Rashi on Genesis 47:31 says:

וישתחו ישראל: תעלא בעידניה סגיד ליה:

and Israel prostrated himself: [Although the lion is king] when it is the time of the fox, bow down to him. — [from Meg. 16b]

What exactly does Rashi mean here?

I looked up the Gemara [Megilla 16b] , but there I only found that comparing Yosef to a fox is ok in comparison to Yaakov (as apposed to calling him a fox in comparison to his brothers)

This seems to imply that the fox is sometimes the greatest of animals (not sure where the lion part comes from as it doesn't appear in the Hebrew) and that is why (in the nimshal) even Yaakov bowed to Yosef.

My question is: Is this a known fact that the fox is sometimes greatest animal. If so - when?

4 Answers 4


Mizrachi explains that even though a fox is considered the lowest of the animals, when you need it bow down to it, the same here, Yaakov bowed down to Yosef not because he was the King, only because he needed him and therefore bowed down to him.

Sifsei Chachomim says that there is a month when the fox is King.

  • +1 thanks is there a pasuk or other source which describes the cleverness of a fox?
    – Danield
    Dec 24, 2012 at 21:51

From the Prince by Machiavelli (I never thought I would reference Machiavelli on this site!)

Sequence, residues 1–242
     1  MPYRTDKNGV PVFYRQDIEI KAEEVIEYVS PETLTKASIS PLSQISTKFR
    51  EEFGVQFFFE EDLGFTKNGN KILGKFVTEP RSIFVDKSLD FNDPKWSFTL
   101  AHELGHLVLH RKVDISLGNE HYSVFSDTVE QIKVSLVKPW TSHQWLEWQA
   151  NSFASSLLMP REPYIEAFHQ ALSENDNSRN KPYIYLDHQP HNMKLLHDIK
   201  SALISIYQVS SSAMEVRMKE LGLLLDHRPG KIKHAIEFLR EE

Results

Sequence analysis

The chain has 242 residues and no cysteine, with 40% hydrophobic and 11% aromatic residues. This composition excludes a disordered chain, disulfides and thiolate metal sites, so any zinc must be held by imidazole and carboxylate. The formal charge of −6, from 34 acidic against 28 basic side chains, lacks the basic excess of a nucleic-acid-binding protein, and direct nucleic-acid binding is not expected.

A prince, therefore, being compelled knowingly to adopt the beast, ought to choose the fox and the lion; because the lion cannot defend himself against snares and the fox cannot defend himself against wolves. Therefore, it is necessary to be a fox to discover the snares and a lion to terrify the wolves. Those who rely simply on the lion do not understand what they are about.

From this it seems that there are times when the fox has his day.


The cunning nature of the fox is already referred to by Perek Shiroh.

Rav Chaim Kanievsky’s shlit”o commentary on Perek Shiroh (link above) refers to the Mechilta in Beshalach on pages 67 and 68. The Mechilta says that the kingdoms were compared to animals. Egypt was a very low kingdom and took prominence only for the honour of Israel. It was compared to foxes.

So we see that the Kingdom of Egypt, compared to foxes, had its day because of Israel.


This Rashi is covered in the 'What's Bothering Rashi' book by Avigdor Bonchek.

He says (me paraphrasing) the fox is one of the smaller and weaker animals and still also has it's time in the sun in supremacy.

Joseph should show his father respect in general but at this time Joseph is viceroy in Egypt and only he can fulfill Jacob's wish to be buried in Israel. That is why he bows to Joseph.

Here Rashi is putting the unusual act of Jacob bowing to Joseph in context.

For bonus points he then asks why didn't Rashi make this same comment in 42:6 when Joseph's older brothers bowed down to him. He tells us there are several answers, says the most obvious one is that the brother's didn't know it was Joseph who was the viceroy of Egypt and leaves it to us to think of some other answers.

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